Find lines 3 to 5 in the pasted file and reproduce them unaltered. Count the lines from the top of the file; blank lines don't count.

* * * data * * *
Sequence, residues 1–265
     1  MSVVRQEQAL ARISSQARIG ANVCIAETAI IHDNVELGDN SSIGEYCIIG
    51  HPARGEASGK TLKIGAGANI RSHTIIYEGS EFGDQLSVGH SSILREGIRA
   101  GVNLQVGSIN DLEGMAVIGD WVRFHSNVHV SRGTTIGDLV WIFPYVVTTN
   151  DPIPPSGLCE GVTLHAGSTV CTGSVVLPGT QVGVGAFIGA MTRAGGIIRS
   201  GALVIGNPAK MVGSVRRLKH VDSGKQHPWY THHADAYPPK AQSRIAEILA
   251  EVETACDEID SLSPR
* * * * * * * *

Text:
    51  HPARGEASGK TLKIGAGANI RSHTIIYEGS EFGDQLSVGH SSILREGIRA
   101  GVNLQVGSIN DLEGMAVIGD WVRFHSNVHV SRGTTIGDLV WIFPYVVTTN
   151  DPIPPSGLCE GVTLHAGSTV CTGSVVLPGT QVGVGAFIGA MTRAGGIIRS